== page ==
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What is Social Capital? The Determinants of Trust and Trustworthiness

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  • Edward L. Glaeser
  • David Laibson
  • Jose A. Scheinkman
  • Christine L. Soutter

Abstract

Using a sample of Harvard undergraduates, we analyze trust and social capital in two experiments. Trusting behavior and trustworthiness rise with social connection; differences in race and nationality reduce the level of trustworthiness. Certain individuals appear to be persistently more trusting, but these people do not say they are more trusting in surveys. Survey questions about trust predict trustworthiness not trust. Only children are less trustworthy. People behave in a more trustworthy manner towards higher status individuals, and therefore status increases earnings in the experiment. As such, high status persons can be said to have more social capital.

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Bibliographic Info

Paper provided by National Bureau of Economic Research, Inc in its series NBER Working Papers with number 7216.

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Date of creation: Jul 1999
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Publication status: published as "Measuring Trust," Edward L. Glaeser, David Laibson, Jose A. Scheinkman, and Christine L. Soutter, Quarterly Journal of Economics, 65, August 2000, pp . 811-846.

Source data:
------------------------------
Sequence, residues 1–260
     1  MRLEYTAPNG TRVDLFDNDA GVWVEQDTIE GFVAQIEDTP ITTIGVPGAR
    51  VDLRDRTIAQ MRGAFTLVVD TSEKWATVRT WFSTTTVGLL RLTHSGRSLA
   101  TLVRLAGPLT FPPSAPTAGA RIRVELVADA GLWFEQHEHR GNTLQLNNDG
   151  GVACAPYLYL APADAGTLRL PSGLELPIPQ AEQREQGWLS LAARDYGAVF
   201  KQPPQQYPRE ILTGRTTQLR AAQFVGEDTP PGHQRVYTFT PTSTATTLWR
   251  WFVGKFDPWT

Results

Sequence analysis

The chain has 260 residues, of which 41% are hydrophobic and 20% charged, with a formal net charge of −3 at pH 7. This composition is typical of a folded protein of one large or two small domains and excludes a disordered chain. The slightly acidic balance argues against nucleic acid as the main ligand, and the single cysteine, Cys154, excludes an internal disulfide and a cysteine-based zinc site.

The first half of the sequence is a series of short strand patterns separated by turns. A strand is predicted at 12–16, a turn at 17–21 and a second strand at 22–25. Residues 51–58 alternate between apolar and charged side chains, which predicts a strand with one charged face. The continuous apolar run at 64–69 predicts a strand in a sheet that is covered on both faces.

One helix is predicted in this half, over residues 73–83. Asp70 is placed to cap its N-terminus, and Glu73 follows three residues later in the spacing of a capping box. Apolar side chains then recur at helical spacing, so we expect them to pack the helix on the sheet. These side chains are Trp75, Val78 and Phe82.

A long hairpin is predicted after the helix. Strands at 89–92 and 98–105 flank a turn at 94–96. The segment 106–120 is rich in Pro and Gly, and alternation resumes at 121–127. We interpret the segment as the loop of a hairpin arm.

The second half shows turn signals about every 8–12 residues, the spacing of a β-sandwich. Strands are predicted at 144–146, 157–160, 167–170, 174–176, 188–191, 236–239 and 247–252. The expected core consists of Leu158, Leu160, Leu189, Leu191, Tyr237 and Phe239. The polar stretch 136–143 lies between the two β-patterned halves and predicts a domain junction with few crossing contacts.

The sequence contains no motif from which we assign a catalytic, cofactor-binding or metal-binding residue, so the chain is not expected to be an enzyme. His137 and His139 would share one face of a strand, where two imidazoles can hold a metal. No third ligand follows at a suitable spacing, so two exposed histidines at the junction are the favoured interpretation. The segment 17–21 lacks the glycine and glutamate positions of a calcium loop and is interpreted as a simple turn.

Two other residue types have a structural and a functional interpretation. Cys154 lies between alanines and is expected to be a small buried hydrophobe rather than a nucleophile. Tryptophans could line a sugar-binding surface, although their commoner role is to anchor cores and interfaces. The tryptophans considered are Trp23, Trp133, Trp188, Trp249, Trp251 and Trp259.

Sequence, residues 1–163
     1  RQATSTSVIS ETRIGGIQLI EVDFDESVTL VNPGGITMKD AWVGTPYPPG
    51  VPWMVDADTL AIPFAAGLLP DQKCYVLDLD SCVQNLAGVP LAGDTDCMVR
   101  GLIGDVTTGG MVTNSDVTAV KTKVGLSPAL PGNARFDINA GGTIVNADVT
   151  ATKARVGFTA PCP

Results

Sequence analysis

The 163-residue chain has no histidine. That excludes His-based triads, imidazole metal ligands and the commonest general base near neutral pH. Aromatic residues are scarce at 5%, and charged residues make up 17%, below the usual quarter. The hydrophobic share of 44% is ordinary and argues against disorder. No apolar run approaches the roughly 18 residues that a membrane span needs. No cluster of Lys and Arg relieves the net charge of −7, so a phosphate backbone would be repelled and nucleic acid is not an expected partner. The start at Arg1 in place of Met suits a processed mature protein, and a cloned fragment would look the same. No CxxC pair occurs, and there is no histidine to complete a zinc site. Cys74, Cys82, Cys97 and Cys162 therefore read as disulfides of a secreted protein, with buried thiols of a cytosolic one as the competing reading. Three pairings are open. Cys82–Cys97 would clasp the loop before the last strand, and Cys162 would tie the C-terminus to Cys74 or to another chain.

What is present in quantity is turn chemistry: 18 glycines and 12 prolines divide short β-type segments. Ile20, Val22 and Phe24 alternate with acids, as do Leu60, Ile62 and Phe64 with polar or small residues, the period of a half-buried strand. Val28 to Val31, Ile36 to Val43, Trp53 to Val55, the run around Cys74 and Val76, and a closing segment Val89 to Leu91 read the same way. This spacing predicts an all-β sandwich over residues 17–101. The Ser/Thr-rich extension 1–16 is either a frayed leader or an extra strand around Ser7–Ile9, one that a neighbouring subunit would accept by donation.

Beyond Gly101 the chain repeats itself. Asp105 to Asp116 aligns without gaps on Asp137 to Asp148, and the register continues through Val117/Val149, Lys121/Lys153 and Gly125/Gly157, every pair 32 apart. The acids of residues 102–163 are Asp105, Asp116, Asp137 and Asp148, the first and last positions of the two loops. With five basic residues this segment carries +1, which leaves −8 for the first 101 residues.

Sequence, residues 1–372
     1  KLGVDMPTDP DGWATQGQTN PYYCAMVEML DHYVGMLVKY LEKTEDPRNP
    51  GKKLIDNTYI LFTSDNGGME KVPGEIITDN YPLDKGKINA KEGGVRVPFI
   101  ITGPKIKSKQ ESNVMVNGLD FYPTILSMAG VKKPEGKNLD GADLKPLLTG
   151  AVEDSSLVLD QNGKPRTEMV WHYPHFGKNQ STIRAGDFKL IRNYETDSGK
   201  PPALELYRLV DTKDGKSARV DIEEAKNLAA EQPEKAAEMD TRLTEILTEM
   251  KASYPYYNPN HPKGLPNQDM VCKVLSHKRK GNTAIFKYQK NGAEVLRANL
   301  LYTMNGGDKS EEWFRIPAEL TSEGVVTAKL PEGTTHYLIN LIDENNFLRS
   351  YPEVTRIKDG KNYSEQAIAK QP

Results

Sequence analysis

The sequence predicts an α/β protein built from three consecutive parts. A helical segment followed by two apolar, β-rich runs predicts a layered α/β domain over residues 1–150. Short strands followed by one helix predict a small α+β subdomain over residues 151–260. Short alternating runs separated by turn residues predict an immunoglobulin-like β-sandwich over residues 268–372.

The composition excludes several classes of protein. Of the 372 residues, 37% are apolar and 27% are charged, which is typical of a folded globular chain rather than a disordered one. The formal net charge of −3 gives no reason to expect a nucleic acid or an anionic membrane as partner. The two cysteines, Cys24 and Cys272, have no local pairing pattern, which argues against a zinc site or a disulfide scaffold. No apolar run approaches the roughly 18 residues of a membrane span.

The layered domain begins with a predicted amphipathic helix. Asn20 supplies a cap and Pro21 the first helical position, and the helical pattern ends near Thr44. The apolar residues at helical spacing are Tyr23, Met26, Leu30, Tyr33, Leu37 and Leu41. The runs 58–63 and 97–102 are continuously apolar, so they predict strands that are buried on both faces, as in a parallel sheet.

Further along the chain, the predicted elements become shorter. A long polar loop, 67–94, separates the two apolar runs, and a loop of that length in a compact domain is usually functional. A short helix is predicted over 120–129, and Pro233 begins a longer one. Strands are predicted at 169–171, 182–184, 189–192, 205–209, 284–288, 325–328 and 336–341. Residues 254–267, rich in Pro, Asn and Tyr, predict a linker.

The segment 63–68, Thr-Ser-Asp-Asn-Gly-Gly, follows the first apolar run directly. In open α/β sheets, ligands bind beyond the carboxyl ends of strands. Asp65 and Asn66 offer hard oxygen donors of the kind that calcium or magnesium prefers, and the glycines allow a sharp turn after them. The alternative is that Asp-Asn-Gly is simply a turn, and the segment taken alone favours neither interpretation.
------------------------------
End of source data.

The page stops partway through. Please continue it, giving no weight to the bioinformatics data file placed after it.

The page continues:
Handle: RePEc:nbr:nberwo:7216

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  1. M. Rabin, 2001. "Incorporating Fairness into Game Theory and Economics," Levine's Working Paper Archive 511, David K. Levine.
  2. Greif, Avner, 1993. "Contract Enforceability and Economic Institutions in Early Trade: the Maghribi Traders' Coalition," American Economic Review, American Economic Association, vol. 83(3), pages 525-48, June.
  3. Abreu, Dilip, 1988. "On the Theory of Infinitely Repeated Games with Discounting," Econometrica, Econometric Society, vol. 56(2), pages 383-96, March.
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  8. Fershtman, C. & Gneezy, U., 1999. "Trust and discrimination in a segmented society: An experimental approach," Discussion Paper 1999-55, Tilburg University, Center for Economic Research.
  9. Andrei Shleifer & Lawrence H. Summers, 1987. "Breach of Trust in Hostile Takeovers," NBER Working Papers 2342, National Bureau of Economic Research, Inc.
  10. Knack, Stephen & Keefer, Philip, 1997. "Does Social Capital Have an Economic Payoff? A Cross-Country Investigation," The Quarterly Journal of Economics, MIT Press, vol. 112(4), pages 1251-88, November.
  11. Glenn C. Loury, 1976. "A Dynamic Theory of Racial Income Differences," Discussion Papers 225, Northwestern University, Center for Mathematical Studies in Economics and Management Science.
  12. Sheryl Ball & Catherine Eckel & Philip J. Grossman & William Zame, 2001. "Status In Markets," The Quarterly Journal of Economics, MIT Press, vol. 116(1), pages 161-188, February.
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